An argument essay is a class of writing that demands the student to research a topic, gather and analyze proof. It also requires a student to take a stand for or against the given topic.
The central idea behind an argumentative essay is that a writer chooses a position and sticks to it. In an argumentative essay, a writer tries to persuade readers to understand and support their stance concerning a topic by stating their opinions with reasons and backing them up with proof.
An argument essay is sometimes confused with an expository essay. However, there is a difference between both. An argument essay is supposed to be lengthy and well narrated or explained, and that is why it requires students to do lots of research, whereas an expository essay is short and doesn’t require a student to do much research.
Types of Argument
1. The Classical or Aristotelean argument: The Greek philosopher Aristotle started this form of argument. In this type of argument, the writer’s goal is to coax or convince the readers to support your point of view and, at the same time, opposing arguments with solid evidence or proof.
2. Rogerian Argument: In this type of argument. The writer tries to find a central point between the reader and the writer. When the reader does not fully agree with the writer’s view, the writer needs to reach a consensus with readers, thereby creating a win-win situation for both.
The Rogerian argument aims to find and eventually reach a final agreement between the reader and the writer.
3. Toulmin Argument: The Toulmin Argument developed by Stephen Toulmin was for argument analysis. This type of argument focuses on the use of logic to coax the audience. It has a lot of information, and it often depends on the quality of data to narrow the focus of an argument and strengthen the writer’s point of view. This argument type is effective when there are no clear or final solutions to the issues and problems. It also takes into account the difficulty of the situations.
Guidelines on Writing an Argument Essay
- Choose a debatable topic, most likely one that interests you: If you have the liberty to choose your topics, it is advisable that your topic be something that you are interested in or passionate about and is arguable as well. Determine what your aim or purpose is for the paper. What opinion or idea do you want to prove to your reader? It is vital to discover your purpose clearly before you begin writing your essay.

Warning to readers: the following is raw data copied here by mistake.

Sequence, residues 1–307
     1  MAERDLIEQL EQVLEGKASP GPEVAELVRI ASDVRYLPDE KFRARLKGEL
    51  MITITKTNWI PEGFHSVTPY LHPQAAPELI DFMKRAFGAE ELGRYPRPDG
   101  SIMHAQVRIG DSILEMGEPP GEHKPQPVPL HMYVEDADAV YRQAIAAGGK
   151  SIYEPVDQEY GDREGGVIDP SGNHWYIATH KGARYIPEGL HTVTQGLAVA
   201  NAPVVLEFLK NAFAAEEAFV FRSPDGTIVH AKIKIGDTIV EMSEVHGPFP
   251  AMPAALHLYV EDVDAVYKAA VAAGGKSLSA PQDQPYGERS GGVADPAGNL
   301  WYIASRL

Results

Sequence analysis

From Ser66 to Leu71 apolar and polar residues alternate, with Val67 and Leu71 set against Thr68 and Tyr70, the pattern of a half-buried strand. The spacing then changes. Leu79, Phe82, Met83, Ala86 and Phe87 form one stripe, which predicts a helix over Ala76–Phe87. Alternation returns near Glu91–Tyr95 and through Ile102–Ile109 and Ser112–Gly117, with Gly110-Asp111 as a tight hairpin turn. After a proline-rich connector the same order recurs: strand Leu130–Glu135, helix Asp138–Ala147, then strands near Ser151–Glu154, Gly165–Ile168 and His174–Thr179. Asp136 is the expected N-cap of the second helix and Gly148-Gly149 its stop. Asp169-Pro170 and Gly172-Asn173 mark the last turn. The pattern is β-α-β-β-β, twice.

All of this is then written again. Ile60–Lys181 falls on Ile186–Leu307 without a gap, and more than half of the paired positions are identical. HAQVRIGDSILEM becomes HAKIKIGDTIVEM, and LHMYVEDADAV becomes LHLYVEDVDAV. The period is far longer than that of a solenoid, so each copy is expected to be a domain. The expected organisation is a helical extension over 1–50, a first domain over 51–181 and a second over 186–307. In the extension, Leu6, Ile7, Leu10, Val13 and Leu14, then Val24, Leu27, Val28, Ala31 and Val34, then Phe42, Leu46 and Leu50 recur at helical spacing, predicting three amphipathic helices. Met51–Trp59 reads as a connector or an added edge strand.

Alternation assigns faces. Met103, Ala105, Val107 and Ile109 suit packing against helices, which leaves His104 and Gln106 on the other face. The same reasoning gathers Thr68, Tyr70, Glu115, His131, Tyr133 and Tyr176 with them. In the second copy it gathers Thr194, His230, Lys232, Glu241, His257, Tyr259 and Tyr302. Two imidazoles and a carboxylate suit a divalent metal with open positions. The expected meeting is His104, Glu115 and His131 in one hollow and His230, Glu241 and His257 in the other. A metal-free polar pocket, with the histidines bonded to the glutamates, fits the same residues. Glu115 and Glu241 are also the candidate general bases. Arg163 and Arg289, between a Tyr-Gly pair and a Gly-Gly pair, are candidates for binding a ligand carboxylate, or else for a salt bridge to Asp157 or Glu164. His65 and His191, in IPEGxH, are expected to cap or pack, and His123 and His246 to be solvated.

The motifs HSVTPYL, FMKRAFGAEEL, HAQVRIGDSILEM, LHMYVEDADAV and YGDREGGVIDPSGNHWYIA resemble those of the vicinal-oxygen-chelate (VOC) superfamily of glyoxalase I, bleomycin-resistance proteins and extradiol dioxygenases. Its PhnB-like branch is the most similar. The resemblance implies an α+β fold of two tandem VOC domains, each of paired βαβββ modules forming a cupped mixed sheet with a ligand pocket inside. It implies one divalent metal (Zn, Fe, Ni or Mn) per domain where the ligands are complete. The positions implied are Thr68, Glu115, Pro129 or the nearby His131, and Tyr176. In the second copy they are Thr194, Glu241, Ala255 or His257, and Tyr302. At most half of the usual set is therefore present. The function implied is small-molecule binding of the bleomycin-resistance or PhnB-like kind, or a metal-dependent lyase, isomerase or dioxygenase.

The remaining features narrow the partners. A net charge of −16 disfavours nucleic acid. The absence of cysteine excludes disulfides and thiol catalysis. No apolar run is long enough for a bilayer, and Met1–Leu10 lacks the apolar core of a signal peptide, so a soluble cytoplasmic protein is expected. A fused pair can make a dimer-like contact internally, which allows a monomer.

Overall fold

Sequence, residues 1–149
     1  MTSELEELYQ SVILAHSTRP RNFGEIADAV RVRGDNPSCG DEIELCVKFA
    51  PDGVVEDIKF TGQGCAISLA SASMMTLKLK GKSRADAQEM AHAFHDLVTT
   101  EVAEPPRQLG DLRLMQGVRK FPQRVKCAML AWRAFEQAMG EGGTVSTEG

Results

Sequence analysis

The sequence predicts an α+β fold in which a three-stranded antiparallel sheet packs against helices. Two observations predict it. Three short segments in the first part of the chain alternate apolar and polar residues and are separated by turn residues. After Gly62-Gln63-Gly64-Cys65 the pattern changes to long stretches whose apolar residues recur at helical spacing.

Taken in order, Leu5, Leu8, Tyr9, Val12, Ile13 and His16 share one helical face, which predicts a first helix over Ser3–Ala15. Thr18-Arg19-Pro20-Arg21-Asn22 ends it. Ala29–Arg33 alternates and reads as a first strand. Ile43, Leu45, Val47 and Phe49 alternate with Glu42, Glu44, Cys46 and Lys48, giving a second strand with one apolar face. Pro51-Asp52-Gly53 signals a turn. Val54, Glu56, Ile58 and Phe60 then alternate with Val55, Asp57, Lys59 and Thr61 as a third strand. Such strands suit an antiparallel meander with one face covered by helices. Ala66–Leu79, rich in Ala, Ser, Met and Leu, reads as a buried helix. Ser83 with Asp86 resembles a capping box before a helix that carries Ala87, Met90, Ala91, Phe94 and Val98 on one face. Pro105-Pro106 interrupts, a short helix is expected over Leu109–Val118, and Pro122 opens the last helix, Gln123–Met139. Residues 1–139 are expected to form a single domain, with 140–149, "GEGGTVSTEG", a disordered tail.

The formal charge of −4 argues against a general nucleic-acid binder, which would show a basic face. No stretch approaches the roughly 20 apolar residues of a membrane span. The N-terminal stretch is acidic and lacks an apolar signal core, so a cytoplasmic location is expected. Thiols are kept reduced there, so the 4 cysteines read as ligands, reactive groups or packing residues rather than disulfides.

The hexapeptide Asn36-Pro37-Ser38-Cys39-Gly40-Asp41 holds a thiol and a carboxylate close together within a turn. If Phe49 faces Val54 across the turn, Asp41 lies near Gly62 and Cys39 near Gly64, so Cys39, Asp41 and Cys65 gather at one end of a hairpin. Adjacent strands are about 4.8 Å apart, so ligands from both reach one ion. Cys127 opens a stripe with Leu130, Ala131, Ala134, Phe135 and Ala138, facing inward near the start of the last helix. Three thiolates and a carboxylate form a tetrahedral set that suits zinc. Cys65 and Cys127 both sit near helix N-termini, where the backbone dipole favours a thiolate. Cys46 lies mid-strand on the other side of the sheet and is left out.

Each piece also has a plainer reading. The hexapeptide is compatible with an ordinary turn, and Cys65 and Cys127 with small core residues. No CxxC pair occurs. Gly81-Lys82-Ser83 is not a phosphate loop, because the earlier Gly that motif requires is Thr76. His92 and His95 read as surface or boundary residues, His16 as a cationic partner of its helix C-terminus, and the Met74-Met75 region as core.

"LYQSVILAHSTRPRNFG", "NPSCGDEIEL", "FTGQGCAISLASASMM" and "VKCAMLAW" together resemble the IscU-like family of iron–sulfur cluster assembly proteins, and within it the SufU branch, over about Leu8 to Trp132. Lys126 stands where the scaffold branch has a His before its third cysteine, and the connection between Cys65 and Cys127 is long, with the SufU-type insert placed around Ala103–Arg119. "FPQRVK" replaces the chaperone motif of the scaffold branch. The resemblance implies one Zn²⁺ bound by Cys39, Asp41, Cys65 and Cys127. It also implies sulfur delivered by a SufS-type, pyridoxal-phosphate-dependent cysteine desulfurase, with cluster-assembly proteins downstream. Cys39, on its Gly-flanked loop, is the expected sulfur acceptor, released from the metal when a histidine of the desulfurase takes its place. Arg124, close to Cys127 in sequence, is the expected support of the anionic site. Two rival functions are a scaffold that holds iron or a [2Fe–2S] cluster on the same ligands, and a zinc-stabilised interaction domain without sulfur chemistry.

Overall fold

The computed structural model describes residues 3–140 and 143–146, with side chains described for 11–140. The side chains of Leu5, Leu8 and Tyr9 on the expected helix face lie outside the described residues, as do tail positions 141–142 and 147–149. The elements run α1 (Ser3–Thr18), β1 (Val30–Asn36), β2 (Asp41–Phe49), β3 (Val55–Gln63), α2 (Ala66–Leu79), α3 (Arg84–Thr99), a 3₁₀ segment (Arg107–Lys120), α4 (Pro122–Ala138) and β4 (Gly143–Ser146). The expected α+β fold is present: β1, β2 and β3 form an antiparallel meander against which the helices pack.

- Examine your audience: When choosing a topic, you have to consider the audience – your readers – and plan your work so that they would be able to relate to it.
- Write a thesis statement: The thesis statement usually appears at the end of a paper’s introductory paragraph. The thesis is a summary of the main point. In the case of an argument essay, the thesis statement will contain your idea, define your position concerning the subject matter.
- Construct your research findings: This is the most complicated aspect of an argument essay. Suppose you have gone through different research materials and don’t know where to start; the trick is to write extensively as you research and move on to the next stage when you have enough information.
An argument essay is supposed to flow from one paragraph to the next in a straight-thinking sequence. You can arrange this formation by creating an outline to serve as a guide for your writing. An overview will help you to stick to the plan instead of beating around the bush.
- Evidence: This is the principal aim of the argument essay. After looking into both sides of the subject matter and making your stand, come up with solid arguments for both sides. You can as well come up with points from the opposing side of the subject matter. Researching this is to develop a defense against statements from the opposite side, like in a debate.
Write down your evidence without deviating from the facts and examples that support your argument, not forgetting to highlight the significance of your proof. You can use world organizations leaders’ statements, respected authorities as a reference point, and befitting your work. (Do not forget citations when doing this). Sources help to strengthen your evidence.
- The essay’s body: Once you have gathered all the information and evidence you need, you can start drafting your paper. Write the body of the document based on the outline you prepared earlier. This outline serves as a director.
Ensure that opposition arguments are also stated and acknowledged, accommodated, or refuted as the case may be. Doing this would influence your position on the subject matter. The body of the letter contains the introductory part, the main body, and the conclusion.
- Put yourself in your reader’s shoes: What do you suppose your reader would think when he reads your essay? What questions or objections do you think your reader might have? It is always advisable to anticipate your readers’ opinions and counterarguments so that you can address them efficiently. You can address counterarguments through acknowledgment, accommodation, and refutation.
- Edit your essay: Once you are through with your work, it is imperative to proofread and edit your work. Preferably, you could go to a writing center where professionals could help you in that aspect.
If you still have difficulties writing an argument essay after these guidelines, think of that one time where you successfully persuaded a friend to do something (going to a party, for instance), even when he/she clearly stated they were not interested. Apply that same energy to your argument essay, following the above guidelines, and you would end up with a better result.
It is essential to ensure that whatever source you are getting your evidence from is confirmed and trusted. Give credit to whom credit is due- don’t forget to cite your sources.